Travels

Another way to get to know the beaches of Bazaruto and Vilanculos in Mozambique

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A few years ago I suffered the greatest traveling crush that I have lived in this life. Almost by chance and based on the opinions of a guide I had in South Africa, I decided to travel from the spectacular Kruger Park to Mozambique.

I barely knew anything about that country, except for some of its history, that it had good beaches washed by the Indian Ocean and that its capital, Maputo, was the best city in all of southern Africa to have a good spree. From the latter I learned from my South African friends, who had the saying "what happens in Maputo stays Maputo". And it was true.

After spending a crazy weekend in the warm Maputo, I went to the south coast of Mozambique with lots of new friends in my backpack and my Portuguese quite improved.

The weekend had been hard and I needed some rest by the sea. I could not have chosen a better place. Of course, there are trips to Mozambique and travel to Mozambique.

The travel agency Adventure Africa He would have offered me much better rest and enjoyment options than I could manage at that time.

Vilanculos, on the southern coast of MozambiqueIt is a lovely town.

Small in size, Vilanculos is still a fishing village. Its inhabitants live by and for the sea.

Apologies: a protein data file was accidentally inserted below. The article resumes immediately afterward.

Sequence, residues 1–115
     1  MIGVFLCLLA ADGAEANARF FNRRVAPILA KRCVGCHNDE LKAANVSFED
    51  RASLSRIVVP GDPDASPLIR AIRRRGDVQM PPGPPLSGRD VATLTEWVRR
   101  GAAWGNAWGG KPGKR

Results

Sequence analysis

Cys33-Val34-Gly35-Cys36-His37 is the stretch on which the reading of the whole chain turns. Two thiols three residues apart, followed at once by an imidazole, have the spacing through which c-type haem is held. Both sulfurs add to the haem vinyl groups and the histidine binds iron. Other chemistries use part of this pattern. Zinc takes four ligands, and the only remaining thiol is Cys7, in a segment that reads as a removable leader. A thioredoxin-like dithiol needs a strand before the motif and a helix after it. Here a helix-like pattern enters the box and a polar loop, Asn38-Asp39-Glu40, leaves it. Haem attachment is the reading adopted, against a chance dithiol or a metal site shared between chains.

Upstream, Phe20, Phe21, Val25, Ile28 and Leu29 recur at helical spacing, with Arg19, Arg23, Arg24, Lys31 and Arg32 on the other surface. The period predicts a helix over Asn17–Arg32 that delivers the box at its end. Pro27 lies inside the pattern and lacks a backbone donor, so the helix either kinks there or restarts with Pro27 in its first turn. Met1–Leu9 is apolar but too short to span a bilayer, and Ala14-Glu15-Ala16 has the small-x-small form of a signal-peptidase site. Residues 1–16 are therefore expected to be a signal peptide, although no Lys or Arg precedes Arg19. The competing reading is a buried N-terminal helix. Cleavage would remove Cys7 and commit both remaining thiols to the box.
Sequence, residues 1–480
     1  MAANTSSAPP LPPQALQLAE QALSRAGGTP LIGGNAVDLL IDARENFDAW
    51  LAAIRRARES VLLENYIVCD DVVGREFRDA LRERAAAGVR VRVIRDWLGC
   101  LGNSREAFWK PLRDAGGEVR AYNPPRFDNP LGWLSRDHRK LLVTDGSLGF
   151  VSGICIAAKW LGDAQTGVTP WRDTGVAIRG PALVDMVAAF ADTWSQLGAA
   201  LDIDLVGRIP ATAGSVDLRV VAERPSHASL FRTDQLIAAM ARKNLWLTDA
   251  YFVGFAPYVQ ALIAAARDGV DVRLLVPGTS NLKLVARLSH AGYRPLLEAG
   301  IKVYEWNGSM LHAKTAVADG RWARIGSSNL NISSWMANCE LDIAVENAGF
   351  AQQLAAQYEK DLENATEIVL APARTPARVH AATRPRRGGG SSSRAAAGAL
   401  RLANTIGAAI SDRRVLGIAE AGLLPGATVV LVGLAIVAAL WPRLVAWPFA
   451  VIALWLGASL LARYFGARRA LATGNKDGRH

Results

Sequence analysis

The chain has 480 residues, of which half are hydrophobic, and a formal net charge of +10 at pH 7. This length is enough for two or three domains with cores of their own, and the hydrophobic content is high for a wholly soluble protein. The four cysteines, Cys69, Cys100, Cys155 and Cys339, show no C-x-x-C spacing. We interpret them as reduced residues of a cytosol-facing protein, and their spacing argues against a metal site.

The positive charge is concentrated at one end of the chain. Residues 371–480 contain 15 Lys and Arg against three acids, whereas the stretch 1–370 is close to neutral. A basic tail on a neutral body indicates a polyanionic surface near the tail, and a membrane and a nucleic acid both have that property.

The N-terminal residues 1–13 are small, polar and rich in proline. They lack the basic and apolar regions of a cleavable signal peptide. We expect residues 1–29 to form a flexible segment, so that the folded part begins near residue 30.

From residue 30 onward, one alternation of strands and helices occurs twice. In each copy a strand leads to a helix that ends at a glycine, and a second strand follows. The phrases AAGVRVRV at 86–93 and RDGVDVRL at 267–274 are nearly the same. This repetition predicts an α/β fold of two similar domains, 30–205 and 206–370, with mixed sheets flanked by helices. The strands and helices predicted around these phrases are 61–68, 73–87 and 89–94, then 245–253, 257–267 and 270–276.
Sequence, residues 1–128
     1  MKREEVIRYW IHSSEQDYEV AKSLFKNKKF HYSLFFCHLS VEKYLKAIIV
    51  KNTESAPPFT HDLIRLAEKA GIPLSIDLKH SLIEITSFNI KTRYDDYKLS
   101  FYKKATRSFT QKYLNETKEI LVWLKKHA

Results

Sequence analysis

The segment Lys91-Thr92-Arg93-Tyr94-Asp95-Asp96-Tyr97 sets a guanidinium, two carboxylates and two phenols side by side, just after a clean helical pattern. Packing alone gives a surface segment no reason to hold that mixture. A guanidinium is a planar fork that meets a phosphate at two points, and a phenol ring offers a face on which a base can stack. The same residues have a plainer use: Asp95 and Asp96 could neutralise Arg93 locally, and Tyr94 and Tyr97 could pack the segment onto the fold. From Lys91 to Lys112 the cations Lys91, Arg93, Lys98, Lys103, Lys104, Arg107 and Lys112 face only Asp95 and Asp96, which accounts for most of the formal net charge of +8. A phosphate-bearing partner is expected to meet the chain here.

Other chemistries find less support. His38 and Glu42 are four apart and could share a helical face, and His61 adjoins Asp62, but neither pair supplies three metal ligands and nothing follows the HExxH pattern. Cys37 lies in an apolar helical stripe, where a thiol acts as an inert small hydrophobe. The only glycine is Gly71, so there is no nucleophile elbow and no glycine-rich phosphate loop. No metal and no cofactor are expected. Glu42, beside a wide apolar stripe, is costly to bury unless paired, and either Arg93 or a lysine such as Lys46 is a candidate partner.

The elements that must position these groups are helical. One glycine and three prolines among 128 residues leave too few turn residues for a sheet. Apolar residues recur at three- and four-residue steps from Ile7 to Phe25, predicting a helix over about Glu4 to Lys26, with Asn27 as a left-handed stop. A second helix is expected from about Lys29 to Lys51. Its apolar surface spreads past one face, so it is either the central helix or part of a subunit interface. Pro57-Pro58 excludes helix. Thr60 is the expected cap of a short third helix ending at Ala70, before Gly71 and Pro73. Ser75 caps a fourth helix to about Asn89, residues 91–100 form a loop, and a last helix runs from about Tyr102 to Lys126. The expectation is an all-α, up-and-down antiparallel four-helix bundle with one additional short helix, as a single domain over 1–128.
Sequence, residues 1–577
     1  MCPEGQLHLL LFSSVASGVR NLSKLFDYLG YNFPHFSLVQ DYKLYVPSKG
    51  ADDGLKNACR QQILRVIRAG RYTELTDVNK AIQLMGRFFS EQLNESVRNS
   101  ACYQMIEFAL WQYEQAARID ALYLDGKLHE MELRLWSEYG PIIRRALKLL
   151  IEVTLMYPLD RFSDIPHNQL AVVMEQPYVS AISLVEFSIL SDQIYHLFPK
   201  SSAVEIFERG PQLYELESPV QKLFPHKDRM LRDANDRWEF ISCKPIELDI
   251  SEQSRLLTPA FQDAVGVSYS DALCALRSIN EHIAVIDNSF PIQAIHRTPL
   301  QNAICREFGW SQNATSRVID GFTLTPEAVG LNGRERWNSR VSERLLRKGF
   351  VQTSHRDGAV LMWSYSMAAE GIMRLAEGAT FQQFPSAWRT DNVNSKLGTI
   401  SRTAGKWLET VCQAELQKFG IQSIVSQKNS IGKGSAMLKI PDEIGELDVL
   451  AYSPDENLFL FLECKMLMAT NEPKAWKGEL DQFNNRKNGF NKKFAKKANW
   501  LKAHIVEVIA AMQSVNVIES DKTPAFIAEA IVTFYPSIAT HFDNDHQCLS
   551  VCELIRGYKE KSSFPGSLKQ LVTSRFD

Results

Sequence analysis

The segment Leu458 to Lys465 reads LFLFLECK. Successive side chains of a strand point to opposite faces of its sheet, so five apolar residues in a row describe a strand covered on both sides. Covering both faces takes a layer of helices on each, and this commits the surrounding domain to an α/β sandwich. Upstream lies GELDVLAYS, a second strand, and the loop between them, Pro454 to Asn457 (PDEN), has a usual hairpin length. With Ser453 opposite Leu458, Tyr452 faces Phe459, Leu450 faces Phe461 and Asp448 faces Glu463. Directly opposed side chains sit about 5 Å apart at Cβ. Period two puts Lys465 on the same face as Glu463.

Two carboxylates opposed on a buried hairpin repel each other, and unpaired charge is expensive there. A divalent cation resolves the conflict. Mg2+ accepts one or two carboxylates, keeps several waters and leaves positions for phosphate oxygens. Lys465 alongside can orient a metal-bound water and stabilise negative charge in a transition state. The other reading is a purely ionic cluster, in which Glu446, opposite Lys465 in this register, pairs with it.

When the sun rises, the men leave in their boats - many of which seem to be sinking at any time - to earn their daily bread in the form of fish. But, as usually happens in these latitudes, the role of women is even harder.

Every day, women must take care of the children, the house and, in addition, dozens of them go to the waist in the sea in search of crustaceans and mollusks that are trapped when the tide falls.

It was April and the tide left a wide strip of sand exposed during the morning, while at dusk I had the right space to put the towel and sit down to contemplate that wonderful change of shades that burned the sky.

My daily life in Vilanculos was to run early in the day, seek shade the rest of the morning, eat in the small one-table restaurant that Mrs. Litossa had in the market and play in the afternoon with the children of the zone until their parents returned with the fresh fish that we would buy for dinner.

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